top of page

Adherence to Procedural Timelines: Tribunal upholds ED’s Provisional Attachment


In the case of Yashovardhan Birla v. Deputy Director Directorate of Enforcement[i], the Appellate Tribunal SAFEMA, New Delhi (‘Tribunal’) disposed of the appeal, filed by the Yashovardhan Birla (‘Appellant’) challenging the order of the Ld. Adjudicating Authority (‘AA’) which confirmed the provisional attachment of assets made by the Directorate of Enforcement (‘ED’) through provisional attachment order (‘PAO’). The primary issues at hand included the legality of the provisional attachment of assets and the applicability of amendments to the Prevention of Money Laundering Act, 2002 (‘PMLA’), particularly regarding the timeline for filing a prosecution complaint.

Brief Facts

  • A First Information Report (‘FIR’) was filed against M/s Birla Power Solutions Ltd. and its directors, for committing offences under ss. 406, 420, and 120(B) of the Indian Penal Code, 1860 (‘IPC’) and ss. 3 and 4 of the Maharashtra Protection of Interest of Depositors Act,1999 (‘MPID’).

  • The case was transferred to the economic offences wing (‘EOW’), which filed a chargesheet on 29.03.2014 in the MPID Court against one of the accused. The chargesheet revealed that the Appellant had collected approx. Rs. 300 to 400 crores through Fixed Deposits (‘FDs’) and Inter-Corporate Deposits (‘ICDs’) from around 100-150 entities by advertising interest rates. However, the Appellant failed to repay Rs. 57.04 crore towards FDs and Rs. 214 crores towards ICDs.

  • As offences under ss. 420 and 120-B IPC are scheduled offences under the PMLA, the ED registered an ECIR dated 17.01.2014 against the same parties. Investigations revealed that funds collected via FDs and ICDs were siphoned off to other companies within the Yash Birla Group.

  • Consequently, the ED provisionally attached certain immovable properties and filed an original complaint (‘OC’) under s. 5(5) of the PMLA. The AA confirmed the provisional attachment of properties on 19.01.2015. Aggrieved by this order, the Appellant filed an Appeal before the Tribunal.  

  • The primary issue raised by the Appellant was that PAO was confirmed on 19.01.2015 and the OC was filed on 16.07.2018 with an exonerate delay of more than three years since the filing of the OC. Additionally, the Appellant contended that as per s.8 effective from 19.04.2018, the ED was required to file the prosecution complaint within 90 days after the confirmation of the attachment order. Therefore, the property attached should be released.


  • The Tribunal dismissed the appeal and affirmed the attachment of properties on the reasoning that the Appellant’s contention was without merit and that the ED’s actions were in adherence to the provisions of the PMLA.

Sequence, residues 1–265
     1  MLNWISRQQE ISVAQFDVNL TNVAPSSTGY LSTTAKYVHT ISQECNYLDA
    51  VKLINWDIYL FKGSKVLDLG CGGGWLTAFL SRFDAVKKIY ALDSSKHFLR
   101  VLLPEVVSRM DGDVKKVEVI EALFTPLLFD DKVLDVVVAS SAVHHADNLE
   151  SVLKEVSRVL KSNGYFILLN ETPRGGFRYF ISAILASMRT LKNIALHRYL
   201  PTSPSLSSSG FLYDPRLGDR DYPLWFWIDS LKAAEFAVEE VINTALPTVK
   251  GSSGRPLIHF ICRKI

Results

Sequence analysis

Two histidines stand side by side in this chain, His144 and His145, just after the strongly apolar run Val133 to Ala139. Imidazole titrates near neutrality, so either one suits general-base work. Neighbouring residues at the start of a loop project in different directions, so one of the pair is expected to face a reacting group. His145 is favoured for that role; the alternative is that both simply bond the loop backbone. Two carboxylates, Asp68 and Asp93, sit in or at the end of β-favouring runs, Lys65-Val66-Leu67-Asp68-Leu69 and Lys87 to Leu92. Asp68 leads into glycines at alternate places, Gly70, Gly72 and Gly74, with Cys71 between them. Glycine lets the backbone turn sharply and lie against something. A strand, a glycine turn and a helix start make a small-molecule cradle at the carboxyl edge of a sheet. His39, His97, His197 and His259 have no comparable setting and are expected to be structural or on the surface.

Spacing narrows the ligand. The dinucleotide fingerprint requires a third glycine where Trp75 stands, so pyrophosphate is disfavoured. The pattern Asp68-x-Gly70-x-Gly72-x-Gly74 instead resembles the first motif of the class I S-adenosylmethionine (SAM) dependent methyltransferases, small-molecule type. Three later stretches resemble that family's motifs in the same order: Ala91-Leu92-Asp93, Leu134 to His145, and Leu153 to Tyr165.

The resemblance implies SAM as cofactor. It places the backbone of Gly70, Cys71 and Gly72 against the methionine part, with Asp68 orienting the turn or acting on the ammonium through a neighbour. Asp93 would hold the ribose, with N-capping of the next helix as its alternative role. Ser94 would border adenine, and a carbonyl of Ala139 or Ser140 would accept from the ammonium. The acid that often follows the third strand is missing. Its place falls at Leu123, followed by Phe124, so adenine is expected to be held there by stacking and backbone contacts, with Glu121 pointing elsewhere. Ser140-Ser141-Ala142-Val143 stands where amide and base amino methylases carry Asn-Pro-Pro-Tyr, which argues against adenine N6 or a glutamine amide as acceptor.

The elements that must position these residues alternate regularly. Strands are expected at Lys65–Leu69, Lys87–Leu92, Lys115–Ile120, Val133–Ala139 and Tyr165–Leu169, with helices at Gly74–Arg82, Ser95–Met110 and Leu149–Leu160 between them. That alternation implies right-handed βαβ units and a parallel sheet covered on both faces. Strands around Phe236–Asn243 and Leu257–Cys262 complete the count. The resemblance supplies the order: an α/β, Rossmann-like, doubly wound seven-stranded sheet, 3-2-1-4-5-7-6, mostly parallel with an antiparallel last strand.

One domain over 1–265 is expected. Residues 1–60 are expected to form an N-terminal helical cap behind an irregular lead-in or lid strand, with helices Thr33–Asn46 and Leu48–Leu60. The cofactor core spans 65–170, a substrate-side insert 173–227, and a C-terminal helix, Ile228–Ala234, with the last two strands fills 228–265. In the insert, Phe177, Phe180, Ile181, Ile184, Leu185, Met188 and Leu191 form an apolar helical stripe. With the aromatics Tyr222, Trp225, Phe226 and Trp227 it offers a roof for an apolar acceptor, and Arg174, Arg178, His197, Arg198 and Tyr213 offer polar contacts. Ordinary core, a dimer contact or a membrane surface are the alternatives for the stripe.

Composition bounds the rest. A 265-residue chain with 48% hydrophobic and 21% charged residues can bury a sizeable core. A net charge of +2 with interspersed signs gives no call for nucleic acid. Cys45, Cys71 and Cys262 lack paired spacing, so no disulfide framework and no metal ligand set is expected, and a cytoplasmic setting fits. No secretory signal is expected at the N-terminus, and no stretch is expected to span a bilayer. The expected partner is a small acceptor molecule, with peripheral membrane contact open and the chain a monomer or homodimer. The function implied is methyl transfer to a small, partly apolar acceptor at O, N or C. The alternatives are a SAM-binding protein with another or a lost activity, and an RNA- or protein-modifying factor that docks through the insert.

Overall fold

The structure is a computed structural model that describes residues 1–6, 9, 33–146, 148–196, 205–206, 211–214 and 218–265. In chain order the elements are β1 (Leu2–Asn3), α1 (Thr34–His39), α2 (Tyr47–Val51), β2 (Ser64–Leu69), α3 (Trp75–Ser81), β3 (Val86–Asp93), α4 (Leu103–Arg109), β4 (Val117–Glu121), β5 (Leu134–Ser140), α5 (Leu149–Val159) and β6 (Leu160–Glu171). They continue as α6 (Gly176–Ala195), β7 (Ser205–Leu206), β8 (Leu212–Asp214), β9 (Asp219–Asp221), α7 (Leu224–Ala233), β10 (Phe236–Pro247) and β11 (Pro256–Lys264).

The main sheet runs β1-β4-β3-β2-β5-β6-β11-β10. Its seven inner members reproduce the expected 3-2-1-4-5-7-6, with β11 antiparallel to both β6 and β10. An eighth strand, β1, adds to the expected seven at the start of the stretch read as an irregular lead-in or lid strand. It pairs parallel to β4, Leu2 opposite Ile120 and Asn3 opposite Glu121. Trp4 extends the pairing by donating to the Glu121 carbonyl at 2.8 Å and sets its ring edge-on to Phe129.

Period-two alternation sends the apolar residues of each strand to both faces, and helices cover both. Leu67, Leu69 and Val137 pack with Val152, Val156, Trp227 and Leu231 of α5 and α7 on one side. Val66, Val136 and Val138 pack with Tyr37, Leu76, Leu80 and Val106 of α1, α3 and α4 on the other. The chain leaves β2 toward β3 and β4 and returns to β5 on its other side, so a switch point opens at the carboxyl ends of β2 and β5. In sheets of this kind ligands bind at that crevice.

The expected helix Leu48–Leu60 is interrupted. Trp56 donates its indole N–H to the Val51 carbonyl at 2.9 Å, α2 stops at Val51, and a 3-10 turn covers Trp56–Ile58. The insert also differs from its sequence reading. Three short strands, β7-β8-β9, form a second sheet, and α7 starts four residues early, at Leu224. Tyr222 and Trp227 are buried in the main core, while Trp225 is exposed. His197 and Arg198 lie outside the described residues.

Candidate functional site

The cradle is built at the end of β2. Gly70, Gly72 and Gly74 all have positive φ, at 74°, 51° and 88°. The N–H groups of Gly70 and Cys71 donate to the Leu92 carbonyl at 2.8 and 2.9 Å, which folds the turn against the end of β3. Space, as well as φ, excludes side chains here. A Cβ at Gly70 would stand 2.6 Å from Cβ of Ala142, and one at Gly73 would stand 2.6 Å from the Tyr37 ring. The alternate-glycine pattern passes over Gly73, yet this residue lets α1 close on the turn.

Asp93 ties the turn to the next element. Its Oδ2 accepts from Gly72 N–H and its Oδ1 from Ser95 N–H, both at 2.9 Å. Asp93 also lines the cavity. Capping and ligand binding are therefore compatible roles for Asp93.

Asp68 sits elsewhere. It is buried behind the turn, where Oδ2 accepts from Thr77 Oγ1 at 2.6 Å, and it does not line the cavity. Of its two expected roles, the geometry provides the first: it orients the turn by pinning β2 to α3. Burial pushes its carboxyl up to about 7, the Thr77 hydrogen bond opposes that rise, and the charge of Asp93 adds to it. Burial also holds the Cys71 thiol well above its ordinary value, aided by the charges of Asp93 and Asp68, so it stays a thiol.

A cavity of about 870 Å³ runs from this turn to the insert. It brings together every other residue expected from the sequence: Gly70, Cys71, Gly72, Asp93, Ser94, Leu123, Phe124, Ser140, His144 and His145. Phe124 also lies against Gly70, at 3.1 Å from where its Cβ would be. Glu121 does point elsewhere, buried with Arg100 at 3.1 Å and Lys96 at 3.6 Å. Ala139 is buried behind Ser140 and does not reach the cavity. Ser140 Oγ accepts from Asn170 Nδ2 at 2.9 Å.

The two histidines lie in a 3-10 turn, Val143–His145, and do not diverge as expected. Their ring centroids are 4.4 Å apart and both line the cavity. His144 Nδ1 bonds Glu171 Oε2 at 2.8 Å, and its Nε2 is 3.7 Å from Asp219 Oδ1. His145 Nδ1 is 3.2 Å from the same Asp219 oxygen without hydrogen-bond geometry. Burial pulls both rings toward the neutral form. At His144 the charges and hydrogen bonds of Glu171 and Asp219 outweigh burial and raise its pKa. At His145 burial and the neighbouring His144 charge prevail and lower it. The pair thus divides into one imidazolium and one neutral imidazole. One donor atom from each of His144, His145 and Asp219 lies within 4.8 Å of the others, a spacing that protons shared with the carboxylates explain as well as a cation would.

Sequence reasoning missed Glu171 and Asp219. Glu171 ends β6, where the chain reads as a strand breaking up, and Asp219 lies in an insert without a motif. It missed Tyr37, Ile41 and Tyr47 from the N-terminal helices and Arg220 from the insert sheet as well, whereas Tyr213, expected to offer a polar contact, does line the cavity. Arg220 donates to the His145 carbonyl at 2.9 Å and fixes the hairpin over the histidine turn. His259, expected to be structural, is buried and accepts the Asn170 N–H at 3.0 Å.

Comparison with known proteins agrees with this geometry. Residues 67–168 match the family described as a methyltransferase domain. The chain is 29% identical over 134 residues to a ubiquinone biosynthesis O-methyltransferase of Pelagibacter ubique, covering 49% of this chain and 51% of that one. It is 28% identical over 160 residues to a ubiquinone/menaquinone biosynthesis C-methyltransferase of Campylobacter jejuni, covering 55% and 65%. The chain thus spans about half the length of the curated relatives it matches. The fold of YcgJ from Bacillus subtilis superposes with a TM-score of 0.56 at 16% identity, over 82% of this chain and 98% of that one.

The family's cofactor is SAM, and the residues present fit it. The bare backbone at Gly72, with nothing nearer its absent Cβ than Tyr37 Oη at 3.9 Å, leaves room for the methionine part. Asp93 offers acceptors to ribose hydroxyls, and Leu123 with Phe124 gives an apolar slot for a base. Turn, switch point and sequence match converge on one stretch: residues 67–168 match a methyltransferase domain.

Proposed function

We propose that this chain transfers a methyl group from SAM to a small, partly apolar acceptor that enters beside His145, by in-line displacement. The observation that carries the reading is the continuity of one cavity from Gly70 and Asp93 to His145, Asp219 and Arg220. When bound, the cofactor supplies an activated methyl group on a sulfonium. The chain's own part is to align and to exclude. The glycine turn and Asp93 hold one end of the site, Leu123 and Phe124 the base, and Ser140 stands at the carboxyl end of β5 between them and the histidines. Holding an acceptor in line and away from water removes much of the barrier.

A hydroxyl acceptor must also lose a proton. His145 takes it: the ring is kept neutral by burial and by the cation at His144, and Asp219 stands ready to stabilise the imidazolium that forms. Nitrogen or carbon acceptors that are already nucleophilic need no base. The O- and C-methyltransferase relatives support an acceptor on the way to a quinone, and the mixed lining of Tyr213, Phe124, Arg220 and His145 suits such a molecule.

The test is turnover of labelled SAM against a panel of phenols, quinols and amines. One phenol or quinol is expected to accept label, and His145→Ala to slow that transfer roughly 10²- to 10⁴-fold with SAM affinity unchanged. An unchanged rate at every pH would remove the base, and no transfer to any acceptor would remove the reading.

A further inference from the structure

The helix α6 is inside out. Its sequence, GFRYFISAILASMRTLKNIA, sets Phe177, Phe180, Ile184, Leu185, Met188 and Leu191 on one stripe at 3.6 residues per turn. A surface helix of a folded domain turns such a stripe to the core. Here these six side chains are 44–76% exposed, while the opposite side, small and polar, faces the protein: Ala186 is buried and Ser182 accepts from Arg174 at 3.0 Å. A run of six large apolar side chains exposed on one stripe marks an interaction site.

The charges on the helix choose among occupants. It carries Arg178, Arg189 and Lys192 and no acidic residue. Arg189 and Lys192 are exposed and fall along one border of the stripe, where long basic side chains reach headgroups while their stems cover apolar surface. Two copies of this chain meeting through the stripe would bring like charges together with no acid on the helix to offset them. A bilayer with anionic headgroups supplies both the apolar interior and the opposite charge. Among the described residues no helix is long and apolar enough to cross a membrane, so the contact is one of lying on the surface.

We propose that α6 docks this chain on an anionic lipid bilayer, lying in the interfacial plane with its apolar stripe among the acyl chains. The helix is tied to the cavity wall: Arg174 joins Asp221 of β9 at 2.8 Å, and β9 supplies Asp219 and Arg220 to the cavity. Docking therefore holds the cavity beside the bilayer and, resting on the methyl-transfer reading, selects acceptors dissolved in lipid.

• The Tribunal found that the ED had complied with the amended legal requirements regarding the timeline for filing a prosecution complaint under the PMLA.

  • The Tribunal observed that the amendment to s. 8(1)(a) of the PMLA, introduced via the Finance Act, 2018, set a 90-day period for filing a prosecution complaint from the date of the AA's order, effective from 19.04.2018. The prosecution complaint in this case was filed on 16.07.2018, which was within the prescribed 90-day period.

  • Thus, the Tribunal rejected the Appellant’s argument that the amendment should be applied retrospectively to invalidate the provisional attachment and found no illegality in the continued attachment of the properties during the pendency of the prosecution complaint.

Our Analysis                                                                                                       

The Tribunal’s decision emphasized the importance of adhering to procedural timelines in cases of money laundering and asset attachment. It clarified that amendments intended to provide reasonable time for law enforcement actions do not retrospectively affect prior attachments. It reinforced the principle that procedural amendments unless expressly stated otherwise, apply prospectively.

The impact of this ruling is significant for similar cases, as it provides clarity on the interpretation and application of amendments to procedural laws in financial crime investigations. It serves as a precedent, ensuring that enforcement agencies have sufficient time to file necessary legal actions without jeopardizing ongoing investigations and attachments.


End Note

[i] [2024] 162 428 (SAFEMA - New Delhi)

Authored by Pratima Ajmera, Advocate at Metalegal Advocates. The views expressed are personal and do not constitute legal opinion.

Bình luận

bottom of page